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2017-18 Oklahoma City Thunder player grades: Josh Huestis

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A project on the verge of becoming a solid role player. But is it too late?

NBA: Oklahoma City Thunder at Charlotte Hornets Jeremy Brevard-USA TODAY Sports

Full Name: Josh Sutton Huestis

Nickname: “Cowboy”

Years in NBA: 3

Contract Status: UFA

Notable Factoid: First player to make it to the NBA via a 1st round G-League (formerly D-League) draft and stash. A marginal talent, got picked in the first round with one of the more aggressive plays in NBA draft history.

Player History:

For a complete history, see WTLC’s Bobby Chancellor’s 2015/16 Huestis grade.

There is very little to add for 2016/17, as Huestis played fewer minutes with the Thunder than the previous season, but Huestis did have his best season in the developmental league:

basketballreference.com

Pre-season Expectations:

Huestis followed up his solid season with the Oklahoma City Blue with a nice showing at the 2017 Orlando Summer League where he averaged 15 pts/gm (3rd on the team) and 6.8 rebounds (2nd). But it was Josh’s solid defensive play and improved shot-making in the pre-season that earned him more minutes during the regular season.

Huestis game-winning “Block Party” against Melbourne UTB:

For the first time since turning pro, Huestis was beginning to look NBA ready, and expectations entering the season, although guarded, were hopeful.

Regular Season Grade: C+

Huestis’ season was a mixed bag. Defensively, Josh exceeded expectations, but then fell short offensively. Still, at the end of October, with the Thunder’s record sitting at 4 and 3 and Huestis sporting a +28 accumulative +/-, I was surprised the team opted to not pick up their $2.2M option on Josh for 2018/19. When you consider Andre Roberson missing 30 games in the 3 previous seasons, that seemed like a relatively cheap insurance policy for a team that has set Robes as their defensive focal point.

Now, $2.2M is ALL the Thunder can offer Huestis this summer and it may come up short for a 6’7”, 230 lb defensive specialist with a 7’1” wingspan (read here for more info), who is really beginning to understand how to effectively guard any position on the court AND doesn’t demand the ball on offense.

Post Season Grade: Incomplete

I didn’t give Josh a grade for the post-season because he only played spot minutes in 4 games and it wouldn’t be fair to grade a player on such a small sample size.

Most Memorable Game/Moment:

Without a doubt, the road win against Golden State on February 6th.

After losing Andre Roberson to a ruptured patellar tendon injury on January 27th, the Thunder were reeling after dropping 4 of their next 5 games. With Josh starting in place of Roberson, the Thunder forced 25 GS turnovers and held the Warriors to just 28.6% from beyond the arc.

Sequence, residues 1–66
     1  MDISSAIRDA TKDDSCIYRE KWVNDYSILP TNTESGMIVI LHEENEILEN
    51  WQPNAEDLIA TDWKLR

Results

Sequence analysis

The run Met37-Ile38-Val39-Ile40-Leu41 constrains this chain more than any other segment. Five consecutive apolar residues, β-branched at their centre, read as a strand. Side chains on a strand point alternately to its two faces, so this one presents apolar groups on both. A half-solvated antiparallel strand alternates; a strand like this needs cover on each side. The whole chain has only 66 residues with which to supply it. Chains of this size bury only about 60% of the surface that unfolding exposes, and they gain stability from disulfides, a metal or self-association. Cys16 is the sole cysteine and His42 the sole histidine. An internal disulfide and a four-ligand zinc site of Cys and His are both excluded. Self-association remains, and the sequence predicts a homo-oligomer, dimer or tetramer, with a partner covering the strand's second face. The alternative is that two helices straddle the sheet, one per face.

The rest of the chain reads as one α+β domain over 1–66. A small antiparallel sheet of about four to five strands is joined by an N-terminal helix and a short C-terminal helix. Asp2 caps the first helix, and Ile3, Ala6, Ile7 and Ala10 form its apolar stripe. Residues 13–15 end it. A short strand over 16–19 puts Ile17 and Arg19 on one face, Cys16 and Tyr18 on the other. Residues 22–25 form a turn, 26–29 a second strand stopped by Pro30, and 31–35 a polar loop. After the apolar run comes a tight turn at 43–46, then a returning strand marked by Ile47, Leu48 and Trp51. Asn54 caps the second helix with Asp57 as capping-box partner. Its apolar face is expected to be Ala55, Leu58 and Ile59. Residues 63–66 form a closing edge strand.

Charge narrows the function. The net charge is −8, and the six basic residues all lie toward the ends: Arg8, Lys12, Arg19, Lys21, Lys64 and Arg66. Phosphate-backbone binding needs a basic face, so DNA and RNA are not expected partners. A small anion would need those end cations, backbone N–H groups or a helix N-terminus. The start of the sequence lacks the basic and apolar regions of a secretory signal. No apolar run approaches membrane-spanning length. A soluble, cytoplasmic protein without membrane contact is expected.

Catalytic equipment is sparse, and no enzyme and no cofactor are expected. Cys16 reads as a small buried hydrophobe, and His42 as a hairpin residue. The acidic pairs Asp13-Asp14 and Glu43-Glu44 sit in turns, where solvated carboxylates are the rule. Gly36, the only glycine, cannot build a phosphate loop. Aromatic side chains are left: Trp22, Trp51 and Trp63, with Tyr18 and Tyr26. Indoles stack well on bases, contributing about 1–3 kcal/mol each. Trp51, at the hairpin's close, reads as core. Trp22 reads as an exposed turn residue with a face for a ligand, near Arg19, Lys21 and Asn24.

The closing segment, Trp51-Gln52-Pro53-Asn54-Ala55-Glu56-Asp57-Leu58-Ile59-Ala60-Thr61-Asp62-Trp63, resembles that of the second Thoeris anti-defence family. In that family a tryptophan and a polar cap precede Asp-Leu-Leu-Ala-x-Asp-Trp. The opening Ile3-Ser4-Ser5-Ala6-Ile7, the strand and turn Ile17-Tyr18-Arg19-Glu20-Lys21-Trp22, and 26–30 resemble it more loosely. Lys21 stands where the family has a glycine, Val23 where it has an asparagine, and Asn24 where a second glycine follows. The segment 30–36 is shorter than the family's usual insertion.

Something tells me Presti’s “Urkel” moment for not picking up Josh’s 2018/19 option came soon after that game.

Future Expectations:

When Huestis and his agent, Andy Miller, stepped into Sam Presti’s office and offered the draft and stash deal four years ago, Huestis understood he needed time to reach his goal of playing in the NBA.

If you took the time to read Bobby Chancellor’s grade and the extra info on Josh’s physical gifts link, (if you didn’t, please do so now for a better understanding of my next comments), you realize that Huestis checks every box for the tools an elite defensive player needs.

Unfortunately for Josh, Montana is not a basketball hotbed and he has been playing catch-up since his birth father, Poncho Hodges, convinced his adoptive parents, Bonnie Huestis and Gary Walsh, to let him spend the summer with him in LA and play against top AAU competition. Most of Josh’s NBA peers started playing AAU ball by age 10 or 12, thus it is easy to see why, at age 26, Huestis is still, in many ways, a project. A project that, IMO, is on the cusp of being the player he wants to become.

***

Player Grades Explained:

C: Met expectations

Josh’s defensive game could be graded as high as a B+, possibly even an A-, but his offensive game was a train wreck. A shooting percentage of 33% overall and 28.7% puts the Thunder offense at a decided 4 against 5 disadvantage when he is on the floor and a miserable 30% stroke from the free-throw line makes him an easy target for hacking and forcing his banishment to the bench in critical moments no matter how elite a defender he may become.

NBA: Oklahoma City Thunder at Minnesota Timberwolves Jesse Johnson-USA TODAY Sports

If the Thunder choose to and are able to, retain Huestis’ services next season, he should spend his off-season developing his perimeter defense and working with the best shooting coach he can find.